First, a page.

Wang wins $3 million U.S. Courts contract

Wang Federal Inc. last week captured a $3 million contract with the Administrative Office of the U.S. Courts to provide jury database services to district courts.

Under the five-year contract, Wang will create a central National Service Center to support the district courts. Potentially, all 94 district courts and more than 80 bankruptcy courts can buy services from Wang's contract. However, only 45 courts are expected to use the pact initially. Services to be provided include everything from compiling lists of potential jurors to sending out questionnaires and jury-duty summonses.

Before a court can select a jury, it must create a list of potential jurors, usually based mainly upon names it gets from voter registration lists and supplemented by names from motor vehicle registration lists.

This list - called a master jury wheel - usually is updated every four years, but some courts do it annually.

Wang will receive the data, compile the jury wheel and mail out a qualification questionnaire to those on the list. In some cases potential jurors also will receive a summons to report for jury duty along with the questionnaire. Most returned questionnaires will be sent back to Wang to be passed through an optical scanner and, based upon criteria provided by the courts, evaluated as to whether a person qualifies for duty. On some occasions, questionnaires are sent directly back to the court.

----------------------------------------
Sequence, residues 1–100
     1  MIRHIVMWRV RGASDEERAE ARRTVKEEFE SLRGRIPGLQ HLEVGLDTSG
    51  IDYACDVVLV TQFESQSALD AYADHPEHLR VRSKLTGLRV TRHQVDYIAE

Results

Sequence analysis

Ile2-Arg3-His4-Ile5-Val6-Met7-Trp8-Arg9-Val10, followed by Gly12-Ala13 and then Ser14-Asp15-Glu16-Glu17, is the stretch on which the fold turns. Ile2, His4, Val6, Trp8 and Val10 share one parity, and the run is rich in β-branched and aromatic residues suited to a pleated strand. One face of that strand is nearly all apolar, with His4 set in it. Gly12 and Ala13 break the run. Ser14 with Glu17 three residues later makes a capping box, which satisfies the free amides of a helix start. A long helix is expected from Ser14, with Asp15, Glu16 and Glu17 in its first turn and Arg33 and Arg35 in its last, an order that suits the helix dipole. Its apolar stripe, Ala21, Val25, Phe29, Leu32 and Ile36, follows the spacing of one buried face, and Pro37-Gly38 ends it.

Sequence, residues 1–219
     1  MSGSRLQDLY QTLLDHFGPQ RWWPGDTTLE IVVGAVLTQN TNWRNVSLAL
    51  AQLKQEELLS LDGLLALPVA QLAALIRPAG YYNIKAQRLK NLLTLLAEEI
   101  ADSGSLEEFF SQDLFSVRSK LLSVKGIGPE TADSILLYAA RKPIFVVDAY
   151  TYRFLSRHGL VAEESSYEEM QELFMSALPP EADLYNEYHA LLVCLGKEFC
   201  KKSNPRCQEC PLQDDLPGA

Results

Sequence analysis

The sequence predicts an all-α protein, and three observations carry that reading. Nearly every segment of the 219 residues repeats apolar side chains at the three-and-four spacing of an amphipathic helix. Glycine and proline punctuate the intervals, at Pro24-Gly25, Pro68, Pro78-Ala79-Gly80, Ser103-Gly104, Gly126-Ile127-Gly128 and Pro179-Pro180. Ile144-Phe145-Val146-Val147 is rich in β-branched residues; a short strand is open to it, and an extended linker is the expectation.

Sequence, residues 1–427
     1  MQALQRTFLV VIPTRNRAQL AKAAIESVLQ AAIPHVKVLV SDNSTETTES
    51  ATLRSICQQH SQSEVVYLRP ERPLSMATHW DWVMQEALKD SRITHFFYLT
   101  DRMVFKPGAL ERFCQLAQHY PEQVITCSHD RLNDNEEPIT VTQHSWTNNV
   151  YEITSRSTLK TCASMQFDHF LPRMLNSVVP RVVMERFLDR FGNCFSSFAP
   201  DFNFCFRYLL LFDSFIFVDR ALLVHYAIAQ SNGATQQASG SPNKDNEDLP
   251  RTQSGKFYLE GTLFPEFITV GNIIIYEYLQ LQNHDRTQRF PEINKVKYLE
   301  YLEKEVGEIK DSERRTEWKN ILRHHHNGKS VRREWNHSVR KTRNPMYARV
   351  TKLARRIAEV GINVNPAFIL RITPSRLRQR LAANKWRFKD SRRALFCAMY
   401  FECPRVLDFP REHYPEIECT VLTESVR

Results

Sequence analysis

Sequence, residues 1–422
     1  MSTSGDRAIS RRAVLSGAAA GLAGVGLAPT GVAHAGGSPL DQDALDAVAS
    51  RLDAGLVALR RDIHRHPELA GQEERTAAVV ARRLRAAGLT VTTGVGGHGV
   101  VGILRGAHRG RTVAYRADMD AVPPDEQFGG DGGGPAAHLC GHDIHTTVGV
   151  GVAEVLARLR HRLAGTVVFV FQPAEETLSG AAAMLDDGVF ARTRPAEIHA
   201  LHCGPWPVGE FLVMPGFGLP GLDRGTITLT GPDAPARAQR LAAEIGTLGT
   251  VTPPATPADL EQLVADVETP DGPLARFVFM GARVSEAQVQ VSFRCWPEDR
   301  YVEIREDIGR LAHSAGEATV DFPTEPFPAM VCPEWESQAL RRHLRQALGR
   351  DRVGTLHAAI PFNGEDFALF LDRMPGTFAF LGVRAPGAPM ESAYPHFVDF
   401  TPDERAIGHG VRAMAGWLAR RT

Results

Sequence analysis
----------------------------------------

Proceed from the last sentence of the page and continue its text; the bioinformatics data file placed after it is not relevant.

"Some courts will send information electronically, some on disk, some on hard copy and some handwritten," said Joann Swanson, project manager at the Administrative Office of the U.S. Courts.

"It depends on who maintains the voter registration or motor vehicle lists." In some cases, Wang could receive as many as 40 lists for one district, she added.

This contract however, reduces the "labor-intensive" part of the process and centralizes services available to courts, Swanson said.

Previously, the district courts relied primarily on local pacts with vendors to create and maintain jury wheels. Qualification forms were sent out, and responses were keyed manually into a database.

"This is an effort to stabilize costs and take advantage of economies of scale. One district alone paid $100,000 per year for this service. We needed to get a handle on that," she said. "Optical scanning is the best benefit we're receiving through" this contract.

Wang must pass a certification test in the fall before going live with the system.

The contract is centrally funded, but courts can pay for services locally if they need to send out a specifically designed questionnaire.

Wang declined to comment on the award.

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